have indicated whether each student achieved the
competencies for that course. Faculty have been able
to draw distinctions between knowledge and abilities
evidenced by faculty giving students passing grades for
knowledge but not certifying them in one or more of
the abilities assessed in that course. For example, faculty
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Outcome-based education
Examiner shelf examinations. This welcome result
reassured us that the benefits of the new curriculum
were not being achieved at the expense of traditional
measures of performance.
‰
The major source of criticism from students, and to
some extent from faculty, was that the concepts of the
new curriculum had not been fully and completely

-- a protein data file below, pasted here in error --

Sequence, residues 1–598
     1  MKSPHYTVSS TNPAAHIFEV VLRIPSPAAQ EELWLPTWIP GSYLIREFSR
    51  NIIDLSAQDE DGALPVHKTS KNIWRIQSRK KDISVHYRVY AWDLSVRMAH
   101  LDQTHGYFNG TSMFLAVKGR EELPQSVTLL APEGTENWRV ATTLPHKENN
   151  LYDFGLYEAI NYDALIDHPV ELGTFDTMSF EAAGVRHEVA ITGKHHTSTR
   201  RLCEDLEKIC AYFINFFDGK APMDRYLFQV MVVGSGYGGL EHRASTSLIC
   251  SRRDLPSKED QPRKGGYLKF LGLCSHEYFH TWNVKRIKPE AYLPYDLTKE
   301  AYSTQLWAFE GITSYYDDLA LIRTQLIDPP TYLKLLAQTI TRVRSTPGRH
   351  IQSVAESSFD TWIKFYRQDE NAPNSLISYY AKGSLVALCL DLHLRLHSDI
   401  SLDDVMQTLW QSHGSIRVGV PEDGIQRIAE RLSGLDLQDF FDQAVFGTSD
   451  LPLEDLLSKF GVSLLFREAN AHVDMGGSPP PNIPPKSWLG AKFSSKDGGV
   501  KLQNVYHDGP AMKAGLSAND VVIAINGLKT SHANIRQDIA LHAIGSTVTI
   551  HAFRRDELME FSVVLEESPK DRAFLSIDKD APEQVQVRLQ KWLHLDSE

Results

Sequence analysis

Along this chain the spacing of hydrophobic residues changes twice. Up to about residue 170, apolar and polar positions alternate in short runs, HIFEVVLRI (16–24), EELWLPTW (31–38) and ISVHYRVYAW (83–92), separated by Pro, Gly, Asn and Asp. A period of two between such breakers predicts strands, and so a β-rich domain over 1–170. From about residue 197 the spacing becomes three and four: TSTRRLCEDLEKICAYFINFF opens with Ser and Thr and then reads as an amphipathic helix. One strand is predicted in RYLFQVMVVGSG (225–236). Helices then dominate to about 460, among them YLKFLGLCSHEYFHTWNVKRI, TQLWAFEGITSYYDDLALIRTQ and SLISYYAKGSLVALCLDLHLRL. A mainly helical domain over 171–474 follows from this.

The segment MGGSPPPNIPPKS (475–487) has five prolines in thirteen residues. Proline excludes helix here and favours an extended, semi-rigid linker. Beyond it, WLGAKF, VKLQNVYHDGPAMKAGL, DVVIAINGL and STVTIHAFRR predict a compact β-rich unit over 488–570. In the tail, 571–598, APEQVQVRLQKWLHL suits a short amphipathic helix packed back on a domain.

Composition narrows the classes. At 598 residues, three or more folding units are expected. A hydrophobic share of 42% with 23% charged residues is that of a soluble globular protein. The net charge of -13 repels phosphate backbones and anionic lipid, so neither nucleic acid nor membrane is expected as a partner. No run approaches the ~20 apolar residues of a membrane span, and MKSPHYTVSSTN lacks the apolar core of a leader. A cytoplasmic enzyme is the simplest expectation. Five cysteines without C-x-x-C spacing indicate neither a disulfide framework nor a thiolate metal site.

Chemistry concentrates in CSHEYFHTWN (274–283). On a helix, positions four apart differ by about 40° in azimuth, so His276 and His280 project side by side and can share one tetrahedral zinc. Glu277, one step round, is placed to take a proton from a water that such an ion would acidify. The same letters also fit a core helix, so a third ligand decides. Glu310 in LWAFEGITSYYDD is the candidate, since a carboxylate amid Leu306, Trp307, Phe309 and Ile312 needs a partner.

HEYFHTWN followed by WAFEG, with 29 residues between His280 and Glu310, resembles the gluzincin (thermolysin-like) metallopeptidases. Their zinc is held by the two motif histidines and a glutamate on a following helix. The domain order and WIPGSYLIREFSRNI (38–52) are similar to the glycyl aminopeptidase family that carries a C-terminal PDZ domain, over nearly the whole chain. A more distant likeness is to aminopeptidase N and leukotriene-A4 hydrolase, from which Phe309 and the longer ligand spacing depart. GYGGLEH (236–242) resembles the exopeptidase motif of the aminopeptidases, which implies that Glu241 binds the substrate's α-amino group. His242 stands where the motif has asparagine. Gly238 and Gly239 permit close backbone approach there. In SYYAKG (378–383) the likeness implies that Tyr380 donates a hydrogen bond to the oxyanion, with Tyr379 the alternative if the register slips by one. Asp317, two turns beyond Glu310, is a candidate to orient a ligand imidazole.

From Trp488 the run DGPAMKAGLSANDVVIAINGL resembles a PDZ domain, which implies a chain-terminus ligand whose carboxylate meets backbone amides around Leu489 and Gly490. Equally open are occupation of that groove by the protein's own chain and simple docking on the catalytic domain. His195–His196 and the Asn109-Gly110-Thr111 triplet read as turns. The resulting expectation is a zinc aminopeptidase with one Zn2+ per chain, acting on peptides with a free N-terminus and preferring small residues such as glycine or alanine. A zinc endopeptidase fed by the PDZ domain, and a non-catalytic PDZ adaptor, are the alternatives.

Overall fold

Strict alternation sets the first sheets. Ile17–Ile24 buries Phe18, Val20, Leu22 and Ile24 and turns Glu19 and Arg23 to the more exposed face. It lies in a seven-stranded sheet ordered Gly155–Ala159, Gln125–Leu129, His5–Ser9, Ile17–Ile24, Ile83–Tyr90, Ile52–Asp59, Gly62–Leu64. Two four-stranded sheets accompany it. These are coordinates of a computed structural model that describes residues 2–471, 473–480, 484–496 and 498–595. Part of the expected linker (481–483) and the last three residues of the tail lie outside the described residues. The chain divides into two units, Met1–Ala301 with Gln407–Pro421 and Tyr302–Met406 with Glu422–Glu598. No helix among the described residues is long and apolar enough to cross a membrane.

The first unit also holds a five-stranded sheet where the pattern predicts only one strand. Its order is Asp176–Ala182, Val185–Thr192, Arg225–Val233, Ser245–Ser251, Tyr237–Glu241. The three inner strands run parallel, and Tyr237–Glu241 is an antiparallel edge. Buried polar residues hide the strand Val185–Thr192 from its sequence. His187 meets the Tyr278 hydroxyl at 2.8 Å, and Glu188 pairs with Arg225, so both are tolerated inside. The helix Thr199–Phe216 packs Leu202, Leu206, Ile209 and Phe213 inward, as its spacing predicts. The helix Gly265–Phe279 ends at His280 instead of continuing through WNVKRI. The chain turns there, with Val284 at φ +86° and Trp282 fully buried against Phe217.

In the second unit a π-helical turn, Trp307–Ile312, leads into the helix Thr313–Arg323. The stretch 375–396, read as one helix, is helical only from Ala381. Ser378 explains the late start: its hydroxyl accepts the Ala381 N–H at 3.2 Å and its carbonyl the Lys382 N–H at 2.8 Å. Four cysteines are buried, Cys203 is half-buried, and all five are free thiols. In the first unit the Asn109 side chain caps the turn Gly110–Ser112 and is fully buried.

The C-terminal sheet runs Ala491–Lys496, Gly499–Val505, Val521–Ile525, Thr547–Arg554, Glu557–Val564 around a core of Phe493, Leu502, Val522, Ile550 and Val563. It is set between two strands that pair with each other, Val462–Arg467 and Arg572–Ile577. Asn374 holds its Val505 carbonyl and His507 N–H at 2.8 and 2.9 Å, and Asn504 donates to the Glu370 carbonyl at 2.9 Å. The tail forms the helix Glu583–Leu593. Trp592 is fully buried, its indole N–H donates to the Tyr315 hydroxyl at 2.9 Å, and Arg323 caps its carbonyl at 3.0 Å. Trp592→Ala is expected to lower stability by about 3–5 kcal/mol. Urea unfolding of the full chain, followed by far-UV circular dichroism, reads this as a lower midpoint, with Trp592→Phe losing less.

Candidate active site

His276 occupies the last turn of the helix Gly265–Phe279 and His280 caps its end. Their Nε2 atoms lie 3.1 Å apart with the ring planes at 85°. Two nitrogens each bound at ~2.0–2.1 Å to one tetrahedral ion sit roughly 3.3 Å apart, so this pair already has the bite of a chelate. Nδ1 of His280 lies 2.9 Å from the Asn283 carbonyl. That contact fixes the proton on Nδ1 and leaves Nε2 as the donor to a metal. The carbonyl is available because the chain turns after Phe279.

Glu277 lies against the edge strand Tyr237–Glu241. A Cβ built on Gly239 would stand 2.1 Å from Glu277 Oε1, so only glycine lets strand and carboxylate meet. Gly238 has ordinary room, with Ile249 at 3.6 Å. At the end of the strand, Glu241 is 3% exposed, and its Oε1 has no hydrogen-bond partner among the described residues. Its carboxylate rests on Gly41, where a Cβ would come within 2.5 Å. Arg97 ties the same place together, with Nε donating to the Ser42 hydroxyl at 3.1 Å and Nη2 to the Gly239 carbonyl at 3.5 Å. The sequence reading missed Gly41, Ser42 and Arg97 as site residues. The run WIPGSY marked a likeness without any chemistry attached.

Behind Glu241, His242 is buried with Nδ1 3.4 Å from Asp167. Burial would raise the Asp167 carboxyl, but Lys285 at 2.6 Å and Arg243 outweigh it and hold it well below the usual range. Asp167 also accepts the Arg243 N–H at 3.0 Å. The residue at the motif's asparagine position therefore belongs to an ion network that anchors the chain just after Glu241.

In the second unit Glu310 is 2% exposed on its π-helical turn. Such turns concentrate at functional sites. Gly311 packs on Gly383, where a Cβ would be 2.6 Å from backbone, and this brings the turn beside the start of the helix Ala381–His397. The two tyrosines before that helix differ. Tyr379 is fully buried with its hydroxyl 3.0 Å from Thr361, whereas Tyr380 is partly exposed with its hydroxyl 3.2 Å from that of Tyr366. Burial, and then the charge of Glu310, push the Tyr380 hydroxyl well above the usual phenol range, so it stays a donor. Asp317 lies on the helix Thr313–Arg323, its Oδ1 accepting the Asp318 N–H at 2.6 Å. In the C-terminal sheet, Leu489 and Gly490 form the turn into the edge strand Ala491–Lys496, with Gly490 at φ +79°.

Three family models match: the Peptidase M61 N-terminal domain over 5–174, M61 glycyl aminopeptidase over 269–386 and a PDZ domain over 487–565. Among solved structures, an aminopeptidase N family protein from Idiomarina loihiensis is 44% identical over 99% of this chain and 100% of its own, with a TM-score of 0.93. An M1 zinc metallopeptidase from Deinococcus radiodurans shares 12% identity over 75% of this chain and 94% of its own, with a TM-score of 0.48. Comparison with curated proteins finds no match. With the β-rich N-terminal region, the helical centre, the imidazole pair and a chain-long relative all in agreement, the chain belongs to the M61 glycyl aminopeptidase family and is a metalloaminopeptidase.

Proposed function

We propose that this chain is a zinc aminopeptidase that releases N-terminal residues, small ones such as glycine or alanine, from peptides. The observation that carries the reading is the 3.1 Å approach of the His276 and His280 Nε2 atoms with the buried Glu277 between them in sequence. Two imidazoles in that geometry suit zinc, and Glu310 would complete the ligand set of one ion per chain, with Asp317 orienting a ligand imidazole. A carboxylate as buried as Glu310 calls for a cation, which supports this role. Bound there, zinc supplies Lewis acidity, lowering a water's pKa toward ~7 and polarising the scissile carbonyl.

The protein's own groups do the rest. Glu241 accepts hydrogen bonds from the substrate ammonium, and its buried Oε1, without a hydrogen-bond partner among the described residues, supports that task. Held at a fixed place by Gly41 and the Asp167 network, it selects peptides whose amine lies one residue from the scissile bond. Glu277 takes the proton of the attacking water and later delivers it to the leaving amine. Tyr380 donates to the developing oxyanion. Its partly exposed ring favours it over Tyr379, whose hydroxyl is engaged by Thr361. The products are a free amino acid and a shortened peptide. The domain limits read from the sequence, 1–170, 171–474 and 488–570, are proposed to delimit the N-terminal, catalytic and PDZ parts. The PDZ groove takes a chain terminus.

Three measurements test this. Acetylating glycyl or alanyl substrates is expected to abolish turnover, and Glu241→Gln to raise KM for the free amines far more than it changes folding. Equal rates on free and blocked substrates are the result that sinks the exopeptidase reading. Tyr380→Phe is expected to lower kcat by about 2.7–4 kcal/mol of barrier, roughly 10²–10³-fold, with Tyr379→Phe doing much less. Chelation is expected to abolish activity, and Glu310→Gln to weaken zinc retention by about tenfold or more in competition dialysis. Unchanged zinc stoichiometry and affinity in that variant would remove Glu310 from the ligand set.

realized. These criticisms are both valid and welcome.
While the majority of courses have fully embraced the
concepts of a competency-based curriculum and have
utilized appropriate methods of performance
assessment, some course have not been as successful
in adapting to the new way of teaching, learning and
assessing. We continue to work with the faculty in these
courses, encouraging them to experiment and share their
experiences, good and bad, with their colleagues. We
welcome the criticism from students since it represents
a positive valuing of the new curriculum and an
impatience to see it fully realized.
‰
‰
‰
‰
‰
‰
‰
‰
‰
Has the faculty substantially changed the way they
evaluated students and the way they teach?
Do the faculty buy into this?
Will they maintain it over time?
Are new faculty socialized to the new paradigm?
Do faculty see the educational outcomes as rigorous